and enter if you dare

How come I want you
Like the soil yearns for the rain

Won’t you light up 
Won’t you light up my life
Let my soul breathe
Tell me wrong, tell me right
You’re my mind cage
Like a mountain far away
You were always there
Dressed in summer white

Remember my name
And paint the darkness with your light
Go sing your song for all the broken hearted
Like eden echoes in my head
The unforgiven gave you all

Won’t you light up 
Won’t you light up my life
Let my soul breathe
Tell me wrong, tell me right
You’re my mind cage
Like a mountain far away
You were always there
Dressed in summer white

I began my journey as an author to write for my dead lover. Now that it has been done – and I am revising the complete novel – I cannot help but think of how much she affected my life long after she was gone. I have, after all, devoted the last eight years of my life to become a poet, author, and writer to honor her memory. I hope that if she could ever read my work, and the novel telling our story, she would say I have done a good job.

All of this was a long time ago and in reality everything was not as dramatic as it might seem here – I am a writer after all – and now I am happy, and have been, for a while. Life passes us by as the sound of ticking clocks and so fades our feelings of remorse and despair. I found another woman to love with all my heart, a woman I pray never leaves me, and thus my memories of Melanie have become nothing but that – blurred and distorted memories of a person I never got to know too well. Perhaps one day my real love, the one I wake up to every morning, will inspire another novel that I can say was written for someone special. All I can do is wait and see  and hope the hands of the clock turn in my favor.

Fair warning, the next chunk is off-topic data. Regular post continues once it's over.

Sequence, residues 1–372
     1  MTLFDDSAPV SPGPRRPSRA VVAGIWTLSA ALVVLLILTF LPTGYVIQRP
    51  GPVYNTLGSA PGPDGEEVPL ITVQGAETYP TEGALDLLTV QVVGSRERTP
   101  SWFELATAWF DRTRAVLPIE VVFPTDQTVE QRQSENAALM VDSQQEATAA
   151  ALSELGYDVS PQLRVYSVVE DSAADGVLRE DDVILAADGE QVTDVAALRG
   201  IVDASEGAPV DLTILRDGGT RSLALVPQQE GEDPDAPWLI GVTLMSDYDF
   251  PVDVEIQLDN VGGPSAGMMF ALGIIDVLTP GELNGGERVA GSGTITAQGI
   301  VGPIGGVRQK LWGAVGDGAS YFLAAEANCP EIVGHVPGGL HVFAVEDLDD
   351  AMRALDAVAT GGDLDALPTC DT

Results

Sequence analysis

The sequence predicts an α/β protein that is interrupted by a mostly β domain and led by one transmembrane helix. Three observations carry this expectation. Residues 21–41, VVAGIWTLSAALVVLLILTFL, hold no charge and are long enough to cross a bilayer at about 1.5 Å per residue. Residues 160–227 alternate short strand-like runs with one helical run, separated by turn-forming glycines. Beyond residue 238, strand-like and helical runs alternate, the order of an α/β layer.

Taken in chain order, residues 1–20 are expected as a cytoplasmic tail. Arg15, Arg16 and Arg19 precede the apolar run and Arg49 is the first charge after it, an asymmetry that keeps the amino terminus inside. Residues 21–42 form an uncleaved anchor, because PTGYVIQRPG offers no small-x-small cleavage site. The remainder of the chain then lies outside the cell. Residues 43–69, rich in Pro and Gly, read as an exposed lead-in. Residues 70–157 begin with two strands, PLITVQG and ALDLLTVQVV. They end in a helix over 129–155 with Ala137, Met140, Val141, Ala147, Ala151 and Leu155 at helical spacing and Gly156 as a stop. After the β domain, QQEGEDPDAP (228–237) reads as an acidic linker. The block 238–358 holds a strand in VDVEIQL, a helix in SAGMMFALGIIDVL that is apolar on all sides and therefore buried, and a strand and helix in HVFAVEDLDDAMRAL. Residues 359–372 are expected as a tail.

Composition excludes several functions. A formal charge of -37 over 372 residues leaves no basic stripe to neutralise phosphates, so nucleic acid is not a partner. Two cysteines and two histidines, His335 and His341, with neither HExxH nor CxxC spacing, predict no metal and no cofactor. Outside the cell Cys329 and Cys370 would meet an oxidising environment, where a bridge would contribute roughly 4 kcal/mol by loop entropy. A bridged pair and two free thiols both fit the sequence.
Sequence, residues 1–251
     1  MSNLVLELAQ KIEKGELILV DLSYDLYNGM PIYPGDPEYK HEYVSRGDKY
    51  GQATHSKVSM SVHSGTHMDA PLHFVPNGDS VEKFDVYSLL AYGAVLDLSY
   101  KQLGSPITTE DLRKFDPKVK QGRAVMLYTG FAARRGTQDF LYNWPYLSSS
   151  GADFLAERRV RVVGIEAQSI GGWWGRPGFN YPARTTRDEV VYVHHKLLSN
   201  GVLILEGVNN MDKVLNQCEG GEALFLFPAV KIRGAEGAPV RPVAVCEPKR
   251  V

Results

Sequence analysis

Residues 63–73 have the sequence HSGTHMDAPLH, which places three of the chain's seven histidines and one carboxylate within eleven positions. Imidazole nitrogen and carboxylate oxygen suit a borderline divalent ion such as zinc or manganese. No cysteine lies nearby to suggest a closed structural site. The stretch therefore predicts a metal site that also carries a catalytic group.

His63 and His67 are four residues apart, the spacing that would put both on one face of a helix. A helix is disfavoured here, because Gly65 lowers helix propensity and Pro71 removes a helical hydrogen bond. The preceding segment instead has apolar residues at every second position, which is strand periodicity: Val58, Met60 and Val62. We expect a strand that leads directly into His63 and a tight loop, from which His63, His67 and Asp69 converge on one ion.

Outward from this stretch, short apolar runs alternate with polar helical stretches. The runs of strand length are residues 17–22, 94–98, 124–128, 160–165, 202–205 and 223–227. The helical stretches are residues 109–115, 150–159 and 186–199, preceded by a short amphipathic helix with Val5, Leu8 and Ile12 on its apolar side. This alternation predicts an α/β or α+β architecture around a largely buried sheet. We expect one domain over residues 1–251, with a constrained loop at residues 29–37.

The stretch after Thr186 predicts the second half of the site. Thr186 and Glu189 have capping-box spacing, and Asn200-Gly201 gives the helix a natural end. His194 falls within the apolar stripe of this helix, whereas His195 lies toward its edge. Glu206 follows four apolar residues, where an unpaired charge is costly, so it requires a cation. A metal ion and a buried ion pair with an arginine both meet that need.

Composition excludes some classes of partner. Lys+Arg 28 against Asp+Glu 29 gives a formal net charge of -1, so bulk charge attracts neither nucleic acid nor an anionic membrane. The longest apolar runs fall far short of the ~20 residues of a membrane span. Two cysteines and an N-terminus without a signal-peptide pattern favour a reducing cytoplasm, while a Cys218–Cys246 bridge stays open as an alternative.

– F H Hakansson

12 thoughts on “When writing becomes haunting

  1. That is so incredibly sad, I actually have tears in my eyes!! … I am 100% sure that if she could read your work she would be really proud of you 🙂

    1. I hope I don’t sound too sadistic if I say it made me happy to hear it brought you to tears (I’ll take it as a nod of appreciation for my writing). haha, it would be quite tragic if she actually thought it was bad! 😛 Oh well! As long as at least someone enjoys my writing 😀

      1. Knowing all of this really makes me want to read your novel now (not that I didn’t want to before 😛 ), but when there’s some biographical aspect to any piece of writing, it always gives it so much more meaning.